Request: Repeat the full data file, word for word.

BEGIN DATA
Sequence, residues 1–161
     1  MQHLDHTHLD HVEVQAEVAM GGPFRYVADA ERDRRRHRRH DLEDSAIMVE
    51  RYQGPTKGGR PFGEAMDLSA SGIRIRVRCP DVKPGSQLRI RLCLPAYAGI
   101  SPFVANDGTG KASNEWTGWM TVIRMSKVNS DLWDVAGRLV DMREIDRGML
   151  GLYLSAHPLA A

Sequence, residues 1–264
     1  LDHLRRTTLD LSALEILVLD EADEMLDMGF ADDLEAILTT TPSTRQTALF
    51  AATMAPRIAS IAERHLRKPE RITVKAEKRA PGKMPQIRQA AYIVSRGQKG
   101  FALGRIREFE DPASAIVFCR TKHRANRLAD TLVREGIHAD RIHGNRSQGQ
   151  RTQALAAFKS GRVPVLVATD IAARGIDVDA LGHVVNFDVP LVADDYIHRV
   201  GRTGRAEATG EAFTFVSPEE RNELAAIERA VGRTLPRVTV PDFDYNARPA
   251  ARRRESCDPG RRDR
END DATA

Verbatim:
Sequence, residues 1–161
     1  MQHLDHTHLD HVEVQAEVAM GGPFRYVADA ERDRRRHRRH DLEDSAIMVE
    51  RYQGPTKGGR PFGEAMDLSA SGIRIRVRCP DVKPGSQLRI RLCLPAYAGI
   101  SPFVANDGTG KASNEWTGWM TVIRMSKVNS DLWDVAGRLV DMREIDRGML
   151  GLYLSAHPLA A

Sequence, residues 1–264
     1  LDHLRRTTLD LSALEILVLD EADEMLDMGF ADDLEAILTT TPSTRQTALF
    51  AATMAPRIAS IAERHLRKPE RITVKAEKRA PGKMPQIRQA AYIVSRGQKG
   101  FALGRIREFE DPASAIVFCR TKHRANRLAD TLVREGIHAD RIHGNRSQGQ
   151  RTQALAAFKS GRVPVLVATD IAARGIDVDA LGHVVNFDVP LVADDYIHRV
   201  GRTGRAEATG EAFTFVSPEE RNELAAIERA VGRTLPRVTV PDFDYNARPA
   251  ARRRESCDPG RRDR